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There’s news about JUPITER, Europe’s first exascale supercomputer

Catarina FG | 10 October, 2023

"The contract for the acquisition of JUPITER was signed last Tuesday, October 3, between EuroHPC JU and the German company ParTec and the French company Eviden. Europe's first exascale supercomputer will be installed in early 2024 and features an innovative configuration!"

Preparations are on track to receive the first European machine capable of performing a billion billion calculations per second. To better understand the power of this supercomputer, if each person (worldwide) performed one calculation per second, it would take four years to do what JUPITER will be able to do in a single second.

After knowing the center that will operate it – the Jülich Supercomputing Center in Germany – we now know that the contract has been officially signed between the EuroHPC Joint Undertaking (EuroHPC JU) and the companies ParTec – the German company that develops and manufactures modular supercomputers and quantum computers – and Eviden – the French ATOS Group, which specializes in advanced computing. “It’s a fundamental step towards achieving our goal of bringing exascale computing to Europe. With the combined expertise of our partners and EuroHPC’s continued commitment to strengthening European computing capacity, JUPITER will revolutionize the European HPC landscape and reinforce European excellence in HPC,” says Anders Dam Jensen, CEO of EuroHPC JU, in a statement.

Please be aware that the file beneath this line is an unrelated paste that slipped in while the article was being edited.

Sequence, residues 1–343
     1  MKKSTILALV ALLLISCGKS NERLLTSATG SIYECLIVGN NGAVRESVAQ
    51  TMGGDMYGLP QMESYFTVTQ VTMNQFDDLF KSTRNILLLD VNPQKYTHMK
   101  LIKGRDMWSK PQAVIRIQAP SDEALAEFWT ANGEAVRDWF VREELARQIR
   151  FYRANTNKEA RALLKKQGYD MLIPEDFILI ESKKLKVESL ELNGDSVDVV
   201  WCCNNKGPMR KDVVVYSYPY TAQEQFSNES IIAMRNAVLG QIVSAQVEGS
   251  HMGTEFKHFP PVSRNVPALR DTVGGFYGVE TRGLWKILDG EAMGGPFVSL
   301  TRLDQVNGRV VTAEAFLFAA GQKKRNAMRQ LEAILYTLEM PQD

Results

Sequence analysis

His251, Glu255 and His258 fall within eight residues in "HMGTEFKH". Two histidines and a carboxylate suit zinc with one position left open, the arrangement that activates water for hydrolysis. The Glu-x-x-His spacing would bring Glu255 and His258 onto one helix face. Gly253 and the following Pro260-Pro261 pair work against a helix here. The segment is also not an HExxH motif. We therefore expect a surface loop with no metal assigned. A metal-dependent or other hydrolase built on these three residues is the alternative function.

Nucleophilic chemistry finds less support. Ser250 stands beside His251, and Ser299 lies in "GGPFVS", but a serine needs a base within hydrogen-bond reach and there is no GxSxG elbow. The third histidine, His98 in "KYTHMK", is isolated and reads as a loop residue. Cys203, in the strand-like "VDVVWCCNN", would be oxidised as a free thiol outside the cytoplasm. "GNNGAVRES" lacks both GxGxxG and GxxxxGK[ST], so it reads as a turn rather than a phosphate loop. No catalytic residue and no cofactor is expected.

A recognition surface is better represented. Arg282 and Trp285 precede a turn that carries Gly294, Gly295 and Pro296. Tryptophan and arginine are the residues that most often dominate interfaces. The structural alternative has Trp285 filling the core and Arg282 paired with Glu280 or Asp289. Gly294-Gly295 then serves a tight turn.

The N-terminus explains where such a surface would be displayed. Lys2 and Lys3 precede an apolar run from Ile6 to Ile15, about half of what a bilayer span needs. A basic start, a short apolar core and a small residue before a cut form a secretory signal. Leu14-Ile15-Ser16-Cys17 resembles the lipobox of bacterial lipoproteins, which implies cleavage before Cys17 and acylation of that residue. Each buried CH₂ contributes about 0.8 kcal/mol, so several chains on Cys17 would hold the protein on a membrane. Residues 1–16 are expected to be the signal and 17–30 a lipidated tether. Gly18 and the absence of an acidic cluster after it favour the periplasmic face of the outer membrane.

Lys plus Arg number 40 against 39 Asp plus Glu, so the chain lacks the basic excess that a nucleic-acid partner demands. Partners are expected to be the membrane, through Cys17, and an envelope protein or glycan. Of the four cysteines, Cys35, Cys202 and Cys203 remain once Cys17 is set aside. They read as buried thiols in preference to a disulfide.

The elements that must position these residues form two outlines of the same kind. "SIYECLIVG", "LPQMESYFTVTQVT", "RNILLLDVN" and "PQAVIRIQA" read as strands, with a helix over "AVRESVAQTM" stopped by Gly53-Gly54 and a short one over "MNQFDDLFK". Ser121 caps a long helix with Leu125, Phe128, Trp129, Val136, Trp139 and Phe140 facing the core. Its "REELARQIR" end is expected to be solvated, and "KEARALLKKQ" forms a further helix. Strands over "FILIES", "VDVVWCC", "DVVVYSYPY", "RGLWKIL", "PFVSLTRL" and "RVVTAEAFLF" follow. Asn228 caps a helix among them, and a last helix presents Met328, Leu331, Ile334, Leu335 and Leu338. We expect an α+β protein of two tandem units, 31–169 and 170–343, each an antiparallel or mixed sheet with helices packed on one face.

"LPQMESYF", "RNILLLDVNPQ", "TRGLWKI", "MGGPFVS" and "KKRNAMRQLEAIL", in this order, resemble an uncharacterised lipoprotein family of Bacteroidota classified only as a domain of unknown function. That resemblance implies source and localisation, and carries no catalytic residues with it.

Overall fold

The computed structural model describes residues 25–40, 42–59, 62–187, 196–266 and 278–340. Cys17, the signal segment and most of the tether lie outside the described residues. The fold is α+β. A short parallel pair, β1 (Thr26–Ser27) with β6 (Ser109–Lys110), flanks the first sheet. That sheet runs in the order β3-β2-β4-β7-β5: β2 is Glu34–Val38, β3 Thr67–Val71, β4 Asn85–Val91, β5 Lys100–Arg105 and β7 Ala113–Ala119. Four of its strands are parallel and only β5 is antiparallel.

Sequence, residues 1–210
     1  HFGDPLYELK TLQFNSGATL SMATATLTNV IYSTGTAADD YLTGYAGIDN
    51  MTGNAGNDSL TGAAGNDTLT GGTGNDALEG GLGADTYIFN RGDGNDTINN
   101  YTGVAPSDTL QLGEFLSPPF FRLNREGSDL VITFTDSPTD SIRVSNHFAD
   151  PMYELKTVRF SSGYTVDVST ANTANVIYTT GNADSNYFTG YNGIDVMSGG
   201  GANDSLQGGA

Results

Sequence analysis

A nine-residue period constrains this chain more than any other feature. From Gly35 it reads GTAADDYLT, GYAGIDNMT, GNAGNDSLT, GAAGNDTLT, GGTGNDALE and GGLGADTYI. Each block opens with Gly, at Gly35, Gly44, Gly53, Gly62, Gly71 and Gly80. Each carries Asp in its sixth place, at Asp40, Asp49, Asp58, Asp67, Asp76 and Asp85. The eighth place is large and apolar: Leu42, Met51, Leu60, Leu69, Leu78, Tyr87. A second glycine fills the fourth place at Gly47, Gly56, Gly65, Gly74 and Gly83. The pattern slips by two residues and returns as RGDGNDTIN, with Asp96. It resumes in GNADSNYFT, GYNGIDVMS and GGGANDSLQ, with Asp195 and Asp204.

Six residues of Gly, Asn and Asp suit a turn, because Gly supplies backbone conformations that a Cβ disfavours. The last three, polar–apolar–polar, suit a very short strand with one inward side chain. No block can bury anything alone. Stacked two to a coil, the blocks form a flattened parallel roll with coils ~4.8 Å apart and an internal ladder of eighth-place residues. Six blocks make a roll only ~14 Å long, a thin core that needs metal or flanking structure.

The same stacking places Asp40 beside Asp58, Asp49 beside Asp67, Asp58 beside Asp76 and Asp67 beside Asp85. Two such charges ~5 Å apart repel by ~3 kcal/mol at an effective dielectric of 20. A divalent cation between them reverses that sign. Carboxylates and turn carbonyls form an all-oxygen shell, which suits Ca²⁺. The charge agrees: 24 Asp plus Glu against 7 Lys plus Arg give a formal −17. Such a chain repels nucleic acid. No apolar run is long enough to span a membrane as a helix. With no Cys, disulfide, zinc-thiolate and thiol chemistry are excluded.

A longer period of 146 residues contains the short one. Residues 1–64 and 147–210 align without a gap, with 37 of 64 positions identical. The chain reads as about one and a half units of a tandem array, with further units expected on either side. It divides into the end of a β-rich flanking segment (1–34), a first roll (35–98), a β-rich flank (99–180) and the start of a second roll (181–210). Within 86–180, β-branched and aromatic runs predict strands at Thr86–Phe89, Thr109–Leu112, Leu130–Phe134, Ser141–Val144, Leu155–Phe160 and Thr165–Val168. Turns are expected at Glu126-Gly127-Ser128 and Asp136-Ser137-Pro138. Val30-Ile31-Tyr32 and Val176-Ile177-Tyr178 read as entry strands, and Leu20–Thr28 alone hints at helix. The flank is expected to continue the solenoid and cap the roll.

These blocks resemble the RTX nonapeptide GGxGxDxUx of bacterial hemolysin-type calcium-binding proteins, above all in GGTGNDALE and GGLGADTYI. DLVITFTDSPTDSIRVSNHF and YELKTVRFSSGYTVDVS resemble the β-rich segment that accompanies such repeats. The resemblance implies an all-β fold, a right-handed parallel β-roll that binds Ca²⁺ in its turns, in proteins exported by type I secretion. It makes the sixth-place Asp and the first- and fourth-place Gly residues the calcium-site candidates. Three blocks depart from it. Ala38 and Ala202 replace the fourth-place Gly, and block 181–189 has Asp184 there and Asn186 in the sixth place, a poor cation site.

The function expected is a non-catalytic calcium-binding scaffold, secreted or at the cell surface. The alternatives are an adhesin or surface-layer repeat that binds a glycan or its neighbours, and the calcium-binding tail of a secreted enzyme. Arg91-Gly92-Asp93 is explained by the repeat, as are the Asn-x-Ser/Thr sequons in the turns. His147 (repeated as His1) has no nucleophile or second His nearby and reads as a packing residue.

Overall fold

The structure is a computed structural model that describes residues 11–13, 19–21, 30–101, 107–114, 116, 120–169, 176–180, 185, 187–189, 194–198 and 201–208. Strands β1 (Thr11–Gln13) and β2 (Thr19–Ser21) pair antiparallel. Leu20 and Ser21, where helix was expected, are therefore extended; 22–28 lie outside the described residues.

The consortium is responsible for the acquisition, delivery, installation, hardware, software and maintenance of Europe’s first exascale supercomputer. Work is scheduled to begin in the first few months of 2024. From then on, it can be tested by users, in order to keep all the entities involved in close collaboration to build the best possible system.

JUPITER will make a difference by featuring SiPearl’s new Rhea processor – designed in Europe and based on the ARM architecture – combined with NVIDIA’s acceleration technology.

This decision to have the supercomputer’s main cluster run on ARM CPUs goes against the trend of using x86 chips: six of the machines in the world’s top 10 use them and only one opts for ARM. It’ll will be joined by JUPITER, which will thus be particularly capable of carrying out complex simulations, while at the same time being well prepared to receive future technologies, particularly quantum computing.